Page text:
Smart enough for selective school? Take the test
Thousands of primary school students will spend their summer holidays at coaching colleges grappling with tricky logic questions introduced in an overhaul of NSW selective school tests.
The long awaited official practice test was released to parents on Friday, sending tutoring companies scrambling to finetune their school holiday curriculum.
About 15,000 Year 5 students are expected to sit the selective high school exam next March but competition will be fierce with only 4226 positions on offer for Year 7 entry in 2022.
The government announced in October it would revamp the entrance exam in a bid to make the test more challenging so the smartest students, not just the most tutored, gain entry into selective schools such as James Ruse Agricultural College.
Advice given to parents said: "The Department of Education does not recommend any specific coaching for the test."
But that has not stopped tutoring companies from trying their best to give their students an advantage.
Global Education Academy owner Dr Majeda Awawdeh said her 20 staff this week have been working to tweak the syllabus for their $2590 two week selective school coaching holiday camp to bring it in line with the changes.
"We have 20 teachers here, they're writing and working and modifying for the new structure," she said.
"Usually we do four hours a day during the holidays, we added an extra hour, now we do five hours a day to include the thinking skills."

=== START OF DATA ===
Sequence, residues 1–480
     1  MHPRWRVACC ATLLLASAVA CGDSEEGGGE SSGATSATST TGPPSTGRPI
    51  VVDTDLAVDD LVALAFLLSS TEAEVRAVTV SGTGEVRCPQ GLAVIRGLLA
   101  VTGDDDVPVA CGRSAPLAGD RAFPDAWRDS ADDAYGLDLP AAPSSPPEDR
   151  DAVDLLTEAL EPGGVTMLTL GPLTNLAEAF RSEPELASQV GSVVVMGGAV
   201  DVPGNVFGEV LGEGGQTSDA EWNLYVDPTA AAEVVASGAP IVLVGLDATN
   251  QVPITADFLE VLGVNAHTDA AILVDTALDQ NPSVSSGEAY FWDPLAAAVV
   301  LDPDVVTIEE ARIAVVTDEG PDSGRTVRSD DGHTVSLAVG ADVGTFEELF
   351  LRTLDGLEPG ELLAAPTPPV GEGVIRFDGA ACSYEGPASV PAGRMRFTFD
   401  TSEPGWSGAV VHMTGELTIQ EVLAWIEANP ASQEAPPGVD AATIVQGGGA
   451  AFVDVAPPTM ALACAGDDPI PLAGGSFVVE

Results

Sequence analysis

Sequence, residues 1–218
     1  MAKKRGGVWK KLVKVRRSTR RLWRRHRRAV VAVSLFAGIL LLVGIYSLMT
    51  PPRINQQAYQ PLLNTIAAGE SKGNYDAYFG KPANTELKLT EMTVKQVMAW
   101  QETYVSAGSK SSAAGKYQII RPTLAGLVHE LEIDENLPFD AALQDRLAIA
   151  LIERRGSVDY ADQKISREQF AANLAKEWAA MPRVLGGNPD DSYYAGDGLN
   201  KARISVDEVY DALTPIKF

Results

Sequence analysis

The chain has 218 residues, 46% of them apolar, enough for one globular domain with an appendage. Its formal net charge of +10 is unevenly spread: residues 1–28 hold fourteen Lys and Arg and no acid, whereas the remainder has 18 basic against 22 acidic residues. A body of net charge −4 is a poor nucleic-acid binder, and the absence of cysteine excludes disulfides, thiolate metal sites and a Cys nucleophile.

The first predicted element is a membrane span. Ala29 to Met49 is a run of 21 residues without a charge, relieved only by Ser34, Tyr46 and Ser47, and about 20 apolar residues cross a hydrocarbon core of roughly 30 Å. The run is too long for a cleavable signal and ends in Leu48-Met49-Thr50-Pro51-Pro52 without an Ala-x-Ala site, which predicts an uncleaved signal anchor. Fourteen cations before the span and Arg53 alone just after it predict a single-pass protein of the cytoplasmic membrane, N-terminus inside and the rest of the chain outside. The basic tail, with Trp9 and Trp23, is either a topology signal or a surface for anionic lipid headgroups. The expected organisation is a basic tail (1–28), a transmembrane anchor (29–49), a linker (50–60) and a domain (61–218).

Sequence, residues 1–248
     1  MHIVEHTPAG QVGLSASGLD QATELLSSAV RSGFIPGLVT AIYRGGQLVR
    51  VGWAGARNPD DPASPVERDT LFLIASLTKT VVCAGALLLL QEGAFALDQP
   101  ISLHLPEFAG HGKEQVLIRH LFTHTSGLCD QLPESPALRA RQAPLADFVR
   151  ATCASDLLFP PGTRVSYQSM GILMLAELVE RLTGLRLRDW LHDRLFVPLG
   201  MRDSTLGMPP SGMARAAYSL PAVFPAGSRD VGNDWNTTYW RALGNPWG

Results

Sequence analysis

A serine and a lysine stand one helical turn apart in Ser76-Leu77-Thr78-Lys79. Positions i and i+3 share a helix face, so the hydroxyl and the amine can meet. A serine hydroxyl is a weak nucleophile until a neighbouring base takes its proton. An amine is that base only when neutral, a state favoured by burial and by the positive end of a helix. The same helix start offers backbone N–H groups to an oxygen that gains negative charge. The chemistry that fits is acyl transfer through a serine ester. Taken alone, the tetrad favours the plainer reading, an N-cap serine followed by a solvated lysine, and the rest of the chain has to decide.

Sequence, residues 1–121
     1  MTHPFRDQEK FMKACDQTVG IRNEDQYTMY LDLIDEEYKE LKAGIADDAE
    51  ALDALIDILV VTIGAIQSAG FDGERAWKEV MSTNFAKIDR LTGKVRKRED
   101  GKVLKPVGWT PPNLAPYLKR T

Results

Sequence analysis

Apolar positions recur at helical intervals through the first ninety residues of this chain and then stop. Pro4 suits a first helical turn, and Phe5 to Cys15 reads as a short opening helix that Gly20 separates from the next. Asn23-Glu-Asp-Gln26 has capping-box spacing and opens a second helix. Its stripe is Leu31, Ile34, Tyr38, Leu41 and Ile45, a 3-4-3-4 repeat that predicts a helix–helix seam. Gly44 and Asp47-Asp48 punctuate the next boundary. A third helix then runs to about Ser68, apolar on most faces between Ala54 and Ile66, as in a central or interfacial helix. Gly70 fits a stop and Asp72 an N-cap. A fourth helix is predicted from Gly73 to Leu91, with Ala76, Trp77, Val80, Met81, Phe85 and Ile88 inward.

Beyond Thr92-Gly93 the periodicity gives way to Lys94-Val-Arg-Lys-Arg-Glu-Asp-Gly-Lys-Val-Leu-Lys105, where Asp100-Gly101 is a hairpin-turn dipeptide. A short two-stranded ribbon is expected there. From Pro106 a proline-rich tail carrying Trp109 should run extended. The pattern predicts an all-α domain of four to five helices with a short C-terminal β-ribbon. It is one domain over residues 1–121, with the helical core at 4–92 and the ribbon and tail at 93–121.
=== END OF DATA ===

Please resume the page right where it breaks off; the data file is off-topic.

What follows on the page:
She will enrol 100 students at both their Kogarah and Turramurra offices over the holidays and is confident they will do well because they have always taught problem solving and critical thinking.
CS Education in Bella Vista in Sydney's northwest also says it has adapted to the revamped tests. "CS Education has fully analysed the upcoming changes and is well prepared to adjust our selective school practice tests," its website said.
Australian Tutoring Association president Mohan Dhall cautioned parents against sending children to coaching colleges because critical thinking and logical reasoning skills could not be taught in a matter of months.
"Parents need to be extremely careful and download a copy of the test paper and check what coaching colleges say their kids are going to do and assess whether the questions being asked are in line with that document," he said.
"I haven't seen questions like this at any of the coaching colleges so there is going to be a significant rewrite of their syllabus that is going to occur.
"It is going to need more than a quick pivot over Christmas, it will take a couple of months of consideration and training."
Owner of Dymocks Tutoring in Parramatta Mark Buckland also warned against making students do copious amounts of practice work to get into a selective school.
"We think coaching for the selective school test focuses on the wrong thing. The purpose of tutoring should be to extend students," he said.
"Some students will go to tutoring because they're lagging behind their peers and they will want some remedial attention and for a large majority, they're doing well and want to do better."
He sends his son Aidan, 13, to tutoring in mathematics and English so he had a good knowledge of the basics, not to try to enter a selective high school.
"You get to learn things you did not know," Aidan said. "When you have trouble learning something tutoring helps you."
Originally published as Smart enough for selective school? Take the test